MISSIONARY priest Fr Tomas King has spent the past 25 years in Pakistan, witnessing the ravages of war, discrimination and man-made drought, yet he maintains a steadfast passion for the people he serves.
“I have presided at as many funerals for children than for adults,” Fr King said.
“You see a lot of pain because of the suffering of the people, and that can be hard.
“But you know that it is still a relevant place to be present; where the Church should be, with people in difficult times.”
Fr King, 54, came to Pakistan, from the lush green hills of Galway, first during his formation, and then as a newly ordained Missionary Society of St Columban priest in 1992.
He still has his strong Irish lilt, and a pastoral heart for the downtrodden.
In Ireland he had worked with the persecuted Travellers, an ethnic people commonly known as gypsies in Europe and elsewhere, who are often ill-treated and resigned to the lowest socio-economic class.
Today, he finds himself serving the poor in Sindh province, including the vast Tharparkar desert, in Pakistan’s south-east, bordering with India.
It is a place of beauty, especially after the monsoon rains, but when the rain doesn’t come, crops fail, there is not enough drinking water and the desert becomes a place of suffering for tribal people like the Parkari Kohlis.
Fr King has witnessed the impact of global warming on everyday life.
“Unfortunately, for the last ten years there have been drought conditions,” he said.
“The summers are getting hotter and longer. It doesn’t get rain every year. It makes water more difficult to collect.”
A heatwave in the summer of 2015 killed thousands of people, mostly children. Thousands of livestock – vital to the economy of the desert people – also died.
“The impact is that people migrate to become labourers in the interior Sindh where they can find work, food and water,” Fr King said.
Usually about twice a month, Fr King drives across the desert between the 15 villages that make up the Parkari Kohlis homeland, celebrating Mass and delivering support for the small but vibrant Catholic community, administrated by Columbans since the mid-1980s.
There are less than 100 Catholic families scattered over a vast geographical area half the size of his native Ireland.
The Columbans in Pakistan, including five ordained priests and three sisters, concentrate their efforts on providing schooling, and mother-and-child outreach clinics for the poor, not just Christians.
In Pakistan, Muslims make up 96 per cent of the population, with the remaining four per cent made up of mainly Christians and Hindus.
In Sindh province, close to India, there are a higher proportion of minorities, including Christians and Hindus.
Fr King found his work amongst low-caste workers and their families – farm labourers, brick kiln workers and street sweepers.
“In the town of Badin we have a high school of around four hundred children – thirty-five per cent would be Christian, thirty per cent Muslim and the rest would be Hindu, and the staff would be made up of different denominations,” he said.
Fr King has quietly become an advocate for interfaith dialogue, trying to build relationships of trust and respect that seldom exists among the religions.
His parish work and catechesis focus on human rights awareness and promoting better healthcare and education.
He is fluent in Urdu, the official language of Pakistan, and was appointed co-ordinator of the Columbans’ Pakistan Mission Unit in March 2008.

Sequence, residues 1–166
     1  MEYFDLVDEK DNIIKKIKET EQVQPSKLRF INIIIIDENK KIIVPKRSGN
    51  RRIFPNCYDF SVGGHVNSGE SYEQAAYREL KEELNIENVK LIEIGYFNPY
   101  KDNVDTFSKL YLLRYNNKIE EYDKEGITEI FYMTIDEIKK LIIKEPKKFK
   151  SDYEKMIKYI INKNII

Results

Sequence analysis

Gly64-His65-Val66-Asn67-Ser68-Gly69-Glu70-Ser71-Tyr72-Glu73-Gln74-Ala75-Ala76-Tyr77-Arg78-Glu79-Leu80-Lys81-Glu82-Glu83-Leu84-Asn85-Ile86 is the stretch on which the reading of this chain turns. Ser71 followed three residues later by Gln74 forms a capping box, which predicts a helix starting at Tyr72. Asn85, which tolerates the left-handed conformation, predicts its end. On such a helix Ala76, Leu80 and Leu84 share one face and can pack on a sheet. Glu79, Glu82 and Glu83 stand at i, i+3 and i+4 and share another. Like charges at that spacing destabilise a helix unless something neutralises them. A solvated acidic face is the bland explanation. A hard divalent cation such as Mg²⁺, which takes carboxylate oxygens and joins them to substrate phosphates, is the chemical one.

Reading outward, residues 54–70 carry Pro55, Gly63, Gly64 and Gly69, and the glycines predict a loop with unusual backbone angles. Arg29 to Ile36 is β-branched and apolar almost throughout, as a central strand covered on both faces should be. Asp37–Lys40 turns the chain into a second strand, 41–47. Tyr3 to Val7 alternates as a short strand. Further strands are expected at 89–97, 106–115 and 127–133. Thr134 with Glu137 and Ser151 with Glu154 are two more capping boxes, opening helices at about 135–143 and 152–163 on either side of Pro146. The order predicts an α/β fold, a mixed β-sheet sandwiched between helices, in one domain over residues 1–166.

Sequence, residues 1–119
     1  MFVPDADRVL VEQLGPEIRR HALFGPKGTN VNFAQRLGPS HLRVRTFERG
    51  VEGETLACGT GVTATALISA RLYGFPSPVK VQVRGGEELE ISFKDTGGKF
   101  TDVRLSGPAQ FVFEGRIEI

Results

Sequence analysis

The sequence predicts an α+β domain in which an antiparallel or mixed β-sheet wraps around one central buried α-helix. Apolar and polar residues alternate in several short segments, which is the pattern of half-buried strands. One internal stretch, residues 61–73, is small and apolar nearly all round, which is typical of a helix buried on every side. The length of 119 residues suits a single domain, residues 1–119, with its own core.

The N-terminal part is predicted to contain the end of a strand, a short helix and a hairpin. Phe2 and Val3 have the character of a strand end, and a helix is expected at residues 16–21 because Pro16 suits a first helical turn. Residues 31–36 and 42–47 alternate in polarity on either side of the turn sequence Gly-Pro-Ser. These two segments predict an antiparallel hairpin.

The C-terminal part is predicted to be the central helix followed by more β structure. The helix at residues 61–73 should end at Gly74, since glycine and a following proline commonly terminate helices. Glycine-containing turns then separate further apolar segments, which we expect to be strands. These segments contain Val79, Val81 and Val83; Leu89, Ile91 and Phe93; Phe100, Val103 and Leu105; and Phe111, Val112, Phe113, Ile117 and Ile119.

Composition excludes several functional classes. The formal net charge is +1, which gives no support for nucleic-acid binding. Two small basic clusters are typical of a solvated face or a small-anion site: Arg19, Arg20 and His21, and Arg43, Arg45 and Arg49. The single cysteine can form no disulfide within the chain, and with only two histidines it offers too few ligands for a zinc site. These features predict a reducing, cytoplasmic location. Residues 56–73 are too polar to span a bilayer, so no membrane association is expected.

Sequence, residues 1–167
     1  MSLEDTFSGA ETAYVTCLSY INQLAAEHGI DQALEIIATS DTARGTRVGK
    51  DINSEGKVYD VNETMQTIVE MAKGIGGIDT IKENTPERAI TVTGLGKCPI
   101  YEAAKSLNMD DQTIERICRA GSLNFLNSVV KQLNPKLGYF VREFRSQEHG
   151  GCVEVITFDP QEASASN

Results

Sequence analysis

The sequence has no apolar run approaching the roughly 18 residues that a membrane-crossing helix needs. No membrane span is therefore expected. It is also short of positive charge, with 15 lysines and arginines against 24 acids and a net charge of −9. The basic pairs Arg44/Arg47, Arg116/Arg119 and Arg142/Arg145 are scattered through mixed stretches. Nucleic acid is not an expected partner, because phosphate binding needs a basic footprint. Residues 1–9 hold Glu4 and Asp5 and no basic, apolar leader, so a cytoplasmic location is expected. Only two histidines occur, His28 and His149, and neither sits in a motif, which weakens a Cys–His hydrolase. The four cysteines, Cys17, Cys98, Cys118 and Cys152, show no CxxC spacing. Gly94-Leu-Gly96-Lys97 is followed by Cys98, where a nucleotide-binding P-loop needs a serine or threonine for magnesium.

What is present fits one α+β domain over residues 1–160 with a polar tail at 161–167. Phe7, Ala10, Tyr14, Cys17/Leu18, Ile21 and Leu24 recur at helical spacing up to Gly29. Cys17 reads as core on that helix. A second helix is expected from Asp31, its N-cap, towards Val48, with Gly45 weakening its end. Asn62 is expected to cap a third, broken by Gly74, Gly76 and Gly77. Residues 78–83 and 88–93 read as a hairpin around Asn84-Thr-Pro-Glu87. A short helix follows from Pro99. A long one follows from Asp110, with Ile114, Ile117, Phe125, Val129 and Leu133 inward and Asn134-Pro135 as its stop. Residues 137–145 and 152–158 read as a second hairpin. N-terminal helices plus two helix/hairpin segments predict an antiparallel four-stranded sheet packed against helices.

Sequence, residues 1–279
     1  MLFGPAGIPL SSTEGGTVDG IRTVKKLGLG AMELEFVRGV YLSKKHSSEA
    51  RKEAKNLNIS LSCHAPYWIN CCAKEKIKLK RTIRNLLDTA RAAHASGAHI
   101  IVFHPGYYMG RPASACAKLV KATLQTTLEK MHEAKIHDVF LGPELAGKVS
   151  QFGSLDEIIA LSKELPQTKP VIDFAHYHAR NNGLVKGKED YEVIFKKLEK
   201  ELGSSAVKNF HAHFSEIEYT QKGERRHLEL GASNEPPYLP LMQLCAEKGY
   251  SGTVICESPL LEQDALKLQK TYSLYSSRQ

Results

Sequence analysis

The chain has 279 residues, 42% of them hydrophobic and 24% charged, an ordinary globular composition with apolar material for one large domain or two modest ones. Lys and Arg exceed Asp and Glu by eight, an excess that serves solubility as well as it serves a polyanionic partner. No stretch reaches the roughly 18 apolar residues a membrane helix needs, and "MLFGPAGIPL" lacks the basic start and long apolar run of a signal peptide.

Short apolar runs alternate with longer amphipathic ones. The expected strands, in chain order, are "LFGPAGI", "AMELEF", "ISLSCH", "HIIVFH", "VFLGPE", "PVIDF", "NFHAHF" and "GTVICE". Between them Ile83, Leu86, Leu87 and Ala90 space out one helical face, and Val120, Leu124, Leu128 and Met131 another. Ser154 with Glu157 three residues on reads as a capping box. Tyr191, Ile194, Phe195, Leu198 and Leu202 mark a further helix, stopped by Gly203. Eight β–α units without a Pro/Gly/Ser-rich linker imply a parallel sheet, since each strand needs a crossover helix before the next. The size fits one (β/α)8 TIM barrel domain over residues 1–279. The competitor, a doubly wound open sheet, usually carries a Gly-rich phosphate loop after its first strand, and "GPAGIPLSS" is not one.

“We see the importance in today’s world of working with people of goodwill from all faiths to make a better world, because it’s the only world we have,” Fr King said.
“The big human rights issue in Sindh is bonded labour … rehabilitating people who have broken out of bonded work on the land of landlords.
“We have done a lot of work with the Human Rights Commission, and that work is still going on. The Church plays a big role in that.”
Fr King said the writings and teachings of Pope Francis had affirmed the Columbans’ work in Pakistan over many years – “especially making the Gospel present in the rituals, the flavour and the culture of the people”.
“Laudato Si’ has a strong emphasis on interfaith dialogue, so we feel strong support from that,” he said.
Fr King said that, in the Tharparkar desert, major, new environmental and economic challenges were taking shape.
Underneath the desert sands massive amounts of coal have been found – one of the largest untapped coal sources in the world.
It’s a significant discovery since Pakistan produces insufficient power to provide electricity for all its people’s needs.
Electricity cuts, often for hours on end, are a part of daily life, particularly during the hot summer months when there’s high demand, particularly from running air conditioners.
In such a context, coal in the Tharparkar desert has the potential to end load-shedding and provide for Pakistan’s energy needs for generations to come.
The Pakistan Government and some mining companies, including a Chinese company, have already started coal extraction, as well as upgrading roads and infrastructure to support a massive mining expansion.
Fr King said China’s presence, part of a grander “One Belt, One Road” economic expansion, reinforced its policy of seeking out natural resources from anywhere in the world to feed its own domestic needs.
“The direct impact has still not been seen. What will be the cost to the desert environment, its people today, and to future generations?” he said.
“Coal extraction will increase climate change. Extraction will also contaminate water.”
Despite the struggles and the challenges ahead, Fr King said there was a beauty about Pakistan and its people.
“It can be difficult but it holds you,” he said, recalling the 1989 Irish movie My Left Foot, which is a tribute to the overwhelming sense of the miraculousness of life.
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